North Korean defector and human rights fighter Yeonmi Park is facing growing criticism from both her former country and critics outside. Yeonmi Park’s autobiography on Amazon titled In Order to Live: A North Korean Girl’s Journey to Freedom is a recount of her life in North Korea, her eventual escape, hiding in China and the risky journey to Mongolia, and her arrival in South Korea by plane.
Park’s autobiography describes in sometimes gruesome detail on what it is like to grow up in North Korea. Much of her childhood was spent during one of the worst famines in the country’s history. Park describes that bodies were piled on the streets of the cities, and people were so desperate for food in North Korea, that they would resort to eating flowers, small mammals like mice and plants. People were begging and desperate for food Park recalls. Her family was one of the lucky ones and was considered well off, so they had some food, but even for well off families with good government jobs life was still a struggle and bleak for most of the time.
Yeonmi Park also describes the police state in North Korea, where everything is tightly controlled. The schools teach young kids to worship the supreme leader of North Korea and drill kids into their heads that he is immortal, all knowing, almost like a god. Yeonmi describes that she thought that supreme leader Kim Jong-un could read her mind and would find her. That is how powerful the propaganda and police state is in North Korea. It makes people not only afraid of the government and speak out, but it makes the supreme leader into a mythical god like figure that people worship daily.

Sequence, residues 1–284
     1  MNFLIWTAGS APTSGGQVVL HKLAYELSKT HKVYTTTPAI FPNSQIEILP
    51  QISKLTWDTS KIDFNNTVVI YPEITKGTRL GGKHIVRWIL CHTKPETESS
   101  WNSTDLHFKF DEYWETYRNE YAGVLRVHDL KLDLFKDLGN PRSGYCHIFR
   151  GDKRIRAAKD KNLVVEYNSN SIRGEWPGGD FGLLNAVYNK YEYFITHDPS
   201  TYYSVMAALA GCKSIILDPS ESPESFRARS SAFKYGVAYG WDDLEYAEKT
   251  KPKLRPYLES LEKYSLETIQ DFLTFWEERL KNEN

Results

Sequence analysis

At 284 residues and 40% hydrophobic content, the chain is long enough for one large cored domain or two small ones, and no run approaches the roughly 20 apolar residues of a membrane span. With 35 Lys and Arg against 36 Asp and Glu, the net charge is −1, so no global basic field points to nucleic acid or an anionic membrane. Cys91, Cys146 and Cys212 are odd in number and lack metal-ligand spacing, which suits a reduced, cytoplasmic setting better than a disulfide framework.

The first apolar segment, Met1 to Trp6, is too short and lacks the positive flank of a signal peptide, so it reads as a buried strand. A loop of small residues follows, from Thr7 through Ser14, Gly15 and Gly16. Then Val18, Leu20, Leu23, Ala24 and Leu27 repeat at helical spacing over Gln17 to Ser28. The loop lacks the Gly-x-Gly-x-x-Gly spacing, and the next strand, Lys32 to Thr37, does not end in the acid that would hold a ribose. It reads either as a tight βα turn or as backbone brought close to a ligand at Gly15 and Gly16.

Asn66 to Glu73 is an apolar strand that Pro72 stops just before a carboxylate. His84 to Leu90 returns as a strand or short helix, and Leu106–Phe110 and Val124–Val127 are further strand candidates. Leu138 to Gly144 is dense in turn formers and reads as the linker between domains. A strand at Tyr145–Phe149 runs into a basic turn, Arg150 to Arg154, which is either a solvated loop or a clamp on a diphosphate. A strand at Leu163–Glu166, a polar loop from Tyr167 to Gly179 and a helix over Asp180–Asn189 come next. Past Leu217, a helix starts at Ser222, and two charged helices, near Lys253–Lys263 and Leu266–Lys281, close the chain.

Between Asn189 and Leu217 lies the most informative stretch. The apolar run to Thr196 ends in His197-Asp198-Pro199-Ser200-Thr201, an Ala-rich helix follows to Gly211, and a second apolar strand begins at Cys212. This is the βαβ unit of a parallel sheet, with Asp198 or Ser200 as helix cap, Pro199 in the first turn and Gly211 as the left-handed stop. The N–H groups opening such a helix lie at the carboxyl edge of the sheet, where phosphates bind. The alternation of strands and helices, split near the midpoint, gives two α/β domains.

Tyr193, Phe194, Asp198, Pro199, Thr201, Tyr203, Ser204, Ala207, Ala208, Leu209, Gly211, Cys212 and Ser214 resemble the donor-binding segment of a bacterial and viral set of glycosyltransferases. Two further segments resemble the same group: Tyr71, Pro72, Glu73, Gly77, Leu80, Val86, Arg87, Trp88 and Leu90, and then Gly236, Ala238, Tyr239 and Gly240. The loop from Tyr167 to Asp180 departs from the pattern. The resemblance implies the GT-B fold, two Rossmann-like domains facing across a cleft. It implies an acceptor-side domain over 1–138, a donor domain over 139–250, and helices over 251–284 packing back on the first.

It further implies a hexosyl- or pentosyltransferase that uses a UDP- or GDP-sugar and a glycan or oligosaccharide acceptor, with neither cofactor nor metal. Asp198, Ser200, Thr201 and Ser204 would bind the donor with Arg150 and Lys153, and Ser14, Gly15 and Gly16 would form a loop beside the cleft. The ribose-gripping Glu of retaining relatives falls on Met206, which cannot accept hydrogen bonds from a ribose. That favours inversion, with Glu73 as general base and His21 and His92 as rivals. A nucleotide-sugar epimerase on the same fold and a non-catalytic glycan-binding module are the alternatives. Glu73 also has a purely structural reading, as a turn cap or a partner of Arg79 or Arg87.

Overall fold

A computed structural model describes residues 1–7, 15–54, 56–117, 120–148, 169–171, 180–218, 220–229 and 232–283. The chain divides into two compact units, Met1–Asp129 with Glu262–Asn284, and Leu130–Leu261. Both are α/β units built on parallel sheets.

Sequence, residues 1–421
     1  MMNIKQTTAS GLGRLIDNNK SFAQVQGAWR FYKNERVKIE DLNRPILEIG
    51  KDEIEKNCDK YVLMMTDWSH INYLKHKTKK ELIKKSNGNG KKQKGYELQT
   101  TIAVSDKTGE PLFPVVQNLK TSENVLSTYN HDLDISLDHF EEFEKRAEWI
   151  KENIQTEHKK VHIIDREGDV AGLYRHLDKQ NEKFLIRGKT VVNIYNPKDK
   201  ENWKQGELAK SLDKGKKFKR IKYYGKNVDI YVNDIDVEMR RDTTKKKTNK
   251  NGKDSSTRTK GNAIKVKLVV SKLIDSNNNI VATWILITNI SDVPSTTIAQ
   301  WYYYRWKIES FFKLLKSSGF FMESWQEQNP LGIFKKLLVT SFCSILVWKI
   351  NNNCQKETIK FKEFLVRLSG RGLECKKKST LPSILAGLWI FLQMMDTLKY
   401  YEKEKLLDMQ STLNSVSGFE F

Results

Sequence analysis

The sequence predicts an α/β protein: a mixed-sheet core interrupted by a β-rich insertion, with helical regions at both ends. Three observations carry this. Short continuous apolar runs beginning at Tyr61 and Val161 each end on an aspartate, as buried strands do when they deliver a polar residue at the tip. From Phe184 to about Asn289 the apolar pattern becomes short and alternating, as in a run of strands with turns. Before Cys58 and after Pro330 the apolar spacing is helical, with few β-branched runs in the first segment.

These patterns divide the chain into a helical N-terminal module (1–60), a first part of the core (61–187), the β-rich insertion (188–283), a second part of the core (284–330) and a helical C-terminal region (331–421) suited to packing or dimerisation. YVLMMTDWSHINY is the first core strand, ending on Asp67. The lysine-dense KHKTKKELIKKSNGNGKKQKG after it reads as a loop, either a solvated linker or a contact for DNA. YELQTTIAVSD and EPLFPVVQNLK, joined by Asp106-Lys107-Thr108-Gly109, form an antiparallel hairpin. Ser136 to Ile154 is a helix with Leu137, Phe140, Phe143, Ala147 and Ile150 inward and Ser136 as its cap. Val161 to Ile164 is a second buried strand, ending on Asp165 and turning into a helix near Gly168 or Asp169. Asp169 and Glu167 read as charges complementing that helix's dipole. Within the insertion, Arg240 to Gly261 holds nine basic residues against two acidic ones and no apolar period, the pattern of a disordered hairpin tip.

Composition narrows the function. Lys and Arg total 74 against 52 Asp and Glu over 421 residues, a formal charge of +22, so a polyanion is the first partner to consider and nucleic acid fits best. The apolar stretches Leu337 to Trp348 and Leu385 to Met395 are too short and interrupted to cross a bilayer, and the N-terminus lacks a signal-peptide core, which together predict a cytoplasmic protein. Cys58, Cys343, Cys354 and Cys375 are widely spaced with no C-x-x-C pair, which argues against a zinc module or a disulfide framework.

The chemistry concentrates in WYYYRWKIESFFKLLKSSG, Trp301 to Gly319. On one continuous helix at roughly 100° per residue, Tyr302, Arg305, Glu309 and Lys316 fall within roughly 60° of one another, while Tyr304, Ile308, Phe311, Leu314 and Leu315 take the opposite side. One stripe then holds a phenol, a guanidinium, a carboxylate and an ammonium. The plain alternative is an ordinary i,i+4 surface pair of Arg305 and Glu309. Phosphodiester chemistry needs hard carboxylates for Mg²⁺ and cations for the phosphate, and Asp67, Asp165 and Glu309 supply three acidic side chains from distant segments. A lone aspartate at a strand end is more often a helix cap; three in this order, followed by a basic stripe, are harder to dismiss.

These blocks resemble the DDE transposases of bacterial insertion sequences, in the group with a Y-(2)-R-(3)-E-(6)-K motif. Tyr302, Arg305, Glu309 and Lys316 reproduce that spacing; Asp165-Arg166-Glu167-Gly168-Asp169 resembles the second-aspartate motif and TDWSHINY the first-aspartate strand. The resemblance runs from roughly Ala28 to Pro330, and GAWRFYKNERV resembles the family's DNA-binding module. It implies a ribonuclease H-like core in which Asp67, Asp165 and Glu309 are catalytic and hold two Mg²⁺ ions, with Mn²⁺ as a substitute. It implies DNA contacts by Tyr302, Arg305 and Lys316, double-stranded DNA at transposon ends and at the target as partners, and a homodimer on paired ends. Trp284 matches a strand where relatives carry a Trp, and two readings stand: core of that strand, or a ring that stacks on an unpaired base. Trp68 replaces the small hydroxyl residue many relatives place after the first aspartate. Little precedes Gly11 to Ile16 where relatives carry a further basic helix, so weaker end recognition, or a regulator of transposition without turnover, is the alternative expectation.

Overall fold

Park’s critics have pointed out to the fact that there are some errors in her book, and some information is not exactly accurate. She has responded to these critics by pointing out that she had changed the names of people in her autobiography so that they would not face punishment at the hands of North Korea’s government. She also admits that she omitted some information and out of shame and embarrassment, and has since come clean about her ommissions. A poor grasping of the English language also led to some errors she admits. For more info on Yeonmi Park’s book and her reply to criticisms check out this article on Reason.com